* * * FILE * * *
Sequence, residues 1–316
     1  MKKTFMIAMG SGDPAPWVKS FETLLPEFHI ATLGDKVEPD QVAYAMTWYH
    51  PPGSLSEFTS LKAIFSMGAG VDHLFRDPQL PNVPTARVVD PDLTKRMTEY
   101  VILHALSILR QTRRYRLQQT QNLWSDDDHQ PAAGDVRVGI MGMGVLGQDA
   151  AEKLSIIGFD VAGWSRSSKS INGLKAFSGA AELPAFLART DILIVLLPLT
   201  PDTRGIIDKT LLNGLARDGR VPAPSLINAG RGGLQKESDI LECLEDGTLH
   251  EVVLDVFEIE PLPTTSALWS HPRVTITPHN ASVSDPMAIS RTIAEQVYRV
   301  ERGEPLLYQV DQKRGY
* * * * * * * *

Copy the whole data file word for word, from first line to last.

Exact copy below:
Sequence, residues 1–316
     1  MKKTFMIAMG SGDPAPWVKS FETLLPEFHI ATLGDKVEPD QVAYAMTWYH
    51  PPGSLSEFTS LKAIFSMGAG VDHLFRDPQL PNVPTARVVD PDLTKRMTEY
   101  VILHALSILR QTRRYRLQQT QNLWSDDDHQ PAAGDVRVGI MGMGVLGQDA
   151  AEKLSIIGFD VAGWSRSSKS INGLKAFSGA AELPAFLART DILIVLLPLT
   201  PDTRGIIDKT LLNGLARDGR VPAPSLINAG RGGLQKESDI LECLEDGTLH
   251  EVVLDVFEIE PLPTTSALWS HPRVTITPHN ASVSDPMAIS RTIAEQVYRV
   301  ERGEPLLYQV DQKRGY